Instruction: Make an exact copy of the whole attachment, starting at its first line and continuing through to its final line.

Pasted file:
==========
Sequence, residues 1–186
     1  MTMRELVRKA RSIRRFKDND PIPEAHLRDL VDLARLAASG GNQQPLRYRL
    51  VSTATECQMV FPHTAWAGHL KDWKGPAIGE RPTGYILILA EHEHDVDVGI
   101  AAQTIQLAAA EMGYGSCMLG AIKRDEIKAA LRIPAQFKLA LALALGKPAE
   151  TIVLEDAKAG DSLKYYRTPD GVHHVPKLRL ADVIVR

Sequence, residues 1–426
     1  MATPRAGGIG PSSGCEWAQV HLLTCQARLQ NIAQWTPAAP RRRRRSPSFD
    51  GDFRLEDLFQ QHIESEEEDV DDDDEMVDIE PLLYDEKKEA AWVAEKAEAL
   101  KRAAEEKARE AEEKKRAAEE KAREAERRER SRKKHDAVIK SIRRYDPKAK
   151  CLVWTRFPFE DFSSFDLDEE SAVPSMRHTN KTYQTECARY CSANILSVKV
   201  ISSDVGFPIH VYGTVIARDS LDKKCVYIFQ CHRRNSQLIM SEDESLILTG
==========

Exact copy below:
Sequence, residues 1–186
     1  MTMRELVRKA RSIRRFKDND PIPEAHLRDL VDLARLAASG GNQQPLRYRL
    51  VSTATECQMV FPHTAWAGHL KDWKGPAIGE RPTGYILILA EHEHDVDVGI
   101  AAQTIQLAAA EMGYGSCMLG AIKRDEIKAA LRIPAQFKLA LALALGKPAE
   151  TIVLEDAKAG DSLKYYRTPD GVHHVPKLRL ADVIVR

Sequence, residues 1–426
     1  MATPRAGGIG PSSGCEWAQV HLLTCQARLQ NIAQWTPAAP RRRRRSPSFD
    51  GDFRLEDLFQ QHIESEEEDV DDDDEMVDIE PLLYDEKKEA AWVAEKAEAL
   101  KRAAEEKARE AEEKKRAAEE KAREAERRER SRKKHDAVIK SIRRYDPKAK
   151  CLVWTRFPFE DFSSFDLDEE SAVPSMRHTN KTYQTECARY CSANILSVKV
   201  ISSDVGFPIH VYGTVIARDS LDKKCVYIFQ CHRRNSQLIM SEDESLILTG